fot. P.Baczewski/Archiwum Nagrody
She is one of the best contemporary folk singers. She is an acclaimed soloist, leader of the Gołcunecki ensemble, excellent folk dancer, bearer and promoter of music traditions characteristic for south Mazowsze (Mazovia), where the influences Opoczno and Radom folk meet.
She was born in the village of Gałki Rusinowskie in 1959, where she spent her childhood, school years, started a family, raised four children, worked with her husband on their farm to earn her living.
Gałki and the surrounding villages are famed for their rich singing traditions (religious and ritual songs), mazurka-style instrumental music (performed on violins, Polish accordions, and basses), as well as excellent dancers. The areas has retained its old customs, dialect, and repertory of sacred and ritual songs (sang in church, during May celebrations, parties, weddings, or vigils for the deceased) relatively long. Despite the passage of time, the region's folk singing and music-making practices have survived, despite being long forgotten elsewhere in Poland.
Maria Siwiec was getting accustomed to traditional songs of the area from her early childhood, listening to her older sisters, three immensely talented singers: Krystyna, Józef, and Helena. However, she was particularly influenced by her grandmother Antonina Osińska and father Czesław Kietliński, locally acclaimed wedding singers, thanks to whose word-of-mouth transmission she developed her rich repertoire. Already as a young girl, Maria was considered a top singer: endowed with an extraordinary musical talent and sensitivity as well as a beautiful voice, she was often invited to sing at weddings. She would herself write lyrics for songs, occasional ditties, and popular tunes. She sang at a range of weddings, country festivities, and church fairs in Skrzyńsk, Sady, and Rusinów alongside the best instrumentalists and bands (Bogusz of Domaszno, Józef Zaraś of Nieznamierowice, Piotr Gaca, Jan Gaca, Józef Porczek, Jan Kmita).
In 1977 Maria Siwiec joined the Zakukała Kukułecka ensemble operating in Gałki (which won the third prize at the Festival of Folk Bands and Singers in Kazimierz Dolny, Poland in 1983 and the first prize in 2000; in 2004 it was presented with the Oskar Kolberg Award). Since 2012, she has been leading a newly established ensemble Gołcunecki, made up of excellent female singers: Zofia Bykowska, Jadwiga Dziedzic, Zofia Kucharczyk, Maria Oracz, and Maria Pęzik. The ensemble performs together with ensembles consisting in leading instrumentalists hailing from neighbouring villages. Gołcunecki were presented with Baszta, the grand prix of the Kazimierz folk festival, in 2013, and the first prize of the Mazovia Folklore Festival held as part of the 55th edition of the Kolberg Days in Przysucha in 2014. Together with her singers, Ms Siwiec twice won the first prize at the Traditional Folk Dance Competition in Rzeszów (1992, 2012), as well as the contest's grand prix – Taneczny Krąg – in 1996. In 2014 she was presented with Złote Basy, an individual award, in Maciejowice, Poland.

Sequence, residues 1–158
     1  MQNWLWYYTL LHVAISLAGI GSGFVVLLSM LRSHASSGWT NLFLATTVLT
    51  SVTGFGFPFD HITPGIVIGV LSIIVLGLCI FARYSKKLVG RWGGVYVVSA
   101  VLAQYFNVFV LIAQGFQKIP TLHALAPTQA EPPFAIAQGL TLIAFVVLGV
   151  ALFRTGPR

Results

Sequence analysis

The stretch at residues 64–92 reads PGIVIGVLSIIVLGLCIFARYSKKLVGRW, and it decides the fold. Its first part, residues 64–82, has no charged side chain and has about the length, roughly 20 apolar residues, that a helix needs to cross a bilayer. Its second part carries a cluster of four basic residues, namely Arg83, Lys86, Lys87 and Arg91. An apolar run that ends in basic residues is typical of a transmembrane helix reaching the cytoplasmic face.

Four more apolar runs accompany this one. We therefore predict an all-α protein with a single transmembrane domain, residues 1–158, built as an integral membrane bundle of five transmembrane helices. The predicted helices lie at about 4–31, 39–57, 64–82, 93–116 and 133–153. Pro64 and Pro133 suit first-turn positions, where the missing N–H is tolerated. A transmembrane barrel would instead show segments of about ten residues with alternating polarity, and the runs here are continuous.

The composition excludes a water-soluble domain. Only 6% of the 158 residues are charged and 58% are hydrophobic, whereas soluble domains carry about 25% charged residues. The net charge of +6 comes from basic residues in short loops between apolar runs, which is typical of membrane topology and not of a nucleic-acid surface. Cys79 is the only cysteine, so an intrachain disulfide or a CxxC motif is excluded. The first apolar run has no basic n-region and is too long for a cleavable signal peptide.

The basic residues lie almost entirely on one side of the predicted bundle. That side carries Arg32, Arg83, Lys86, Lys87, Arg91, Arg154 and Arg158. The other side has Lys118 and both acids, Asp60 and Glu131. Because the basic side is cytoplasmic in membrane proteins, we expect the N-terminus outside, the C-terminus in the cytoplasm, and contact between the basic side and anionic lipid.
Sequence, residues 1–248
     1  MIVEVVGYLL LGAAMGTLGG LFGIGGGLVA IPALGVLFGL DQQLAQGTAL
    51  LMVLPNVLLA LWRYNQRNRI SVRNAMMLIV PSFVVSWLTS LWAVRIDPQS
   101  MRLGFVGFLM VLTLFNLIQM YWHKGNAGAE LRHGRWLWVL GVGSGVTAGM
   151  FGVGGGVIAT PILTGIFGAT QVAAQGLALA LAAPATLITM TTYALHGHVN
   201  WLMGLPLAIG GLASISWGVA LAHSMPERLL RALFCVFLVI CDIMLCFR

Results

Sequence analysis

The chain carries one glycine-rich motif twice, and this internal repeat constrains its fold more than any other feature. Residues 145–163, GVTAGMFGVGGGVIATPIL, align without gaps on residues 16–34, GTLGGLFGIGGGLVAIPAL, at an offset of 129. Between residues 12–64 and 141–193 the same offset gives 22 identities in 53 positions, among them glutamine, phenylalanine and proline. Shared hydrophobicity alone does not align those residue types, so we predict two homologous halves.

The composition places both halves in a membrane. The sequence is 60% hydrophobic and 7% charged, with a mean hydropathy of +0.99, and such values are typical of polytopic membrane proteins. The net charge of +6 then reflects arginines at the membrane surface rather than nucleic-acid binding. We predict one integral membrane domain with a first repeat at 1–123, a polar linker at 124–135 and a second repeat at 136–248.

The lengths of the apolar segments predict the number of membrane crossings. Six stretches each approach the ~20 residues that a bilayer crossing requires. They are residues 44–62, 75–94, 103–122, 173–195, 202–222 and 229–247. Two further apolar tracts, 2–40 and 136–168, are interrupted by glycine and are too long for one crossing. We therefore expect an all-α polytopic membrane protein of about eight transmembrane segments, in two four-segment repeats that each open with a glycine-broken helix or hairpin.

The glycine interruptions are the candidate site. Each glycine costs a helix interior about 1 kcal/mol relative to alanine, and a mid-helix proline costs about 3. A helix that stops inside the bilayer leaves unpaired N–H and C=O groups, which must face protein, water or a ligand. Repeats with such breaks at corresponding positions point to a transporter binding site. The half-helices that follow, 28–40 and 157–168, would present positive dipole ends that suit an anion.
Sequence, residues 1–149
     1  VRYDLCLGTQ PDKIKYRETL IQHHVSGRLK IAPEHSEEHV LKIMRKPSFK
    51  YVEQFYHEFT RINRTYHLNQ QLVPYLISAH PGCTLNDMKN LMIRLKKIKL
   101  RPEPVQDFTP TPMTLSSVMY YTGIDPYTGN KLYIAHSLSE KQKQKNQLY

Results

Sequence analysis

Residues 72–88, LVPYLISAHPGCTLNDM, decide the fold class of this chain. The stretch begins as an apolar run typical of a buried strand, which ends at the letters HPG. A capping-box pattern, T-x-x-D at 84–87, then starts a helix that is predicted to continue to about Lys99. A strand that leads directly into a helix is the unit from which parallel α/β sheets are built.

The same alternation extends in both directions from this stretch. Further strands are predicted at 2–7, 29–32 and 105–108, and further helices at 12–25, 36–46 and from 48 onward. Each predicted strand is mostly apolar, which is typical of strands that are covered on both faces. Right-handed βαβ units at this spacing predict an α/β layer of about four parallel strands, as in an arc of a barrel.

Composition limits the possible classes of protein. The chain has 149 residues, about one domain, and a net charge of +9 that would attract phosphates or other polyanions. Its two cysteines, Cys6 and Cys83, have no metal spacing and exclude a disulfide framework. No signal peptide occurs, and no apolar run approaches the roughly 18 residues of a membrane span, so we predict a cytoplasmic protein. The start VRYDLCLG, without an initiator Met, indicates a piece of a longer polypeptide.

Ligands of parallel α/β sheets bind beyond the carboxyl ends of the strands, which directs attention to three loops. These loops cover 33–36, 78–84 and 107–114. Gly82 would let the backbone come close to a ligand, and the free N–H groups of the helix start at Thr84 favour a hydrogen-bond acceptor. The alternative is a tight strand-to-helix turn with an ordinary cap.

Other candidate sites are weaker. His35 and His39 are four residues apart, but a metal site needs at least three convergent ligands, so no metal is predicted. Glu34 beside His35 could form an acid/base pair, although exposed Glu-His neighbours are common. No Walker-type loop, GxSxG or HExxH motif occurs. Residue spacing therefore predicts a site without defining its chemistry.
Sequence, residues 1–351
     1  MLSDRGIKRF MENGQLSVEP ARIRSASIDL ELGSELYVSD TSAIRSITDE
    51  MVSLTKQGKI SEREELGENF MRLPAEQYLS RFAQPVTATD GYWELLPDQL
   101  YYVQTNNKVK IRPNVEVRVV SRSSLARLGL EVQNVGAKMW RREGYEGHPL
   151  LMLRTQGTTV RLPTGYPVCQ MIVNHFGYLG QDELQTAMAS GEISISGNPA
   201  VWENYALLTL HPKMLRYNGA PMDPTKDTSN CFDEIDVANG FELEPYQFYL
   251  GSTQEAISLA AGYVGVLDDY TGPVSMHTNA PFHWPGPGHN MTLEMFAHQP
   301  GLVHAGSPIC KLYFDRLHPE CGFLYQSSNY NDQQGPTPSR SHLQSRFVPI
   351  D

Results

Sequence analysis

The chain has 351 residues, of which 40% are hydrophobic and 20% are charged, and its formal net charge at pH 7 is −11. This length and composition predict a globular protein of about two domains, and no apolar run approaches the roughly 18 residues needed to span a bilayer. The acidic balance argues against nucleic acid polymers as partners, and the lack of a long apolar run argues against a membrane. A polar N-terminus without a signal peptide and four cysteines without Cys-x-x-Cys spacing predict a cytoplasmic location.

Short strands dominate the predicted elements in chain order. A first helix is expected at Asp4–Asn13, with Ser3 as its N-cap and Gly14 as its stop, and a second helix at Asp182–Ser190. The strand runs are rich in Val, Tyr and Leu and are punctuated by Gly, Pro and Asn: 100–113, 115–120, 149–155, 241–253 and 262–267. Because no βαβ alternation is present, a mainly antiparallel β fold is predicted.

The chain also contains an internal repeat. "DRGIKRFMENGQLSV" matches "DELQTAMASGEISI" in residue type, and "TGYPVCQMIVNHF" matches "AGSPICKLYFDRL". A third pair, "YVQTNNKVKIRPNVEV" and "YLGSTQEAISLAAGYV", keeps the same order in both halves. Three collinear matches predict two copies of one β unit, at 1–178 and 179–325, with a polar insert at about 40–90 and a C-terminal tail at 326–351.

Characteristically, her repertoire is extremely wide-ranging (songs sang to celebrate family events, customs and rites of the agricultural and liturgical year, ballades, lullabies, improvised songs and tunes). She also possesses a unique voice and performing style, natural emission, archaic scales and rhythmic divisions. The songs she performs, naturally set to the accompaniment of the violin and drum, are strongly connected with instrumental music characteristic for the area located north of Przysucha, known as the Kajocki micro-region, whose typical features are trance-like quality as well as preference for improvising, archaic musicality, and local dialect.
Maria Siwiec is a straight-forward, heart-warmingly kind person with a distinct ability to render folk songs, melodies, and dances in a traditional manner. For many years, she has been leading traditional singing and dancing workshops together with the other Gołcunecki singers as well as individual instrumentalists and whole bands from the area of Przysucha. She has been teaching subsequent generations of folk music aficionados arriving at her home in Gałki from across Poland and from abroad. In 2014, she was awarded a Minister of Culture and National Heritage grant as part of which she conducted, together with her student Mariza Nawrocka, very popular traditional singing workshops in Warsaw, Radom, Toruń, Kraków, and Gałki.
fot. P.Baczewski/Archiwum Nagrody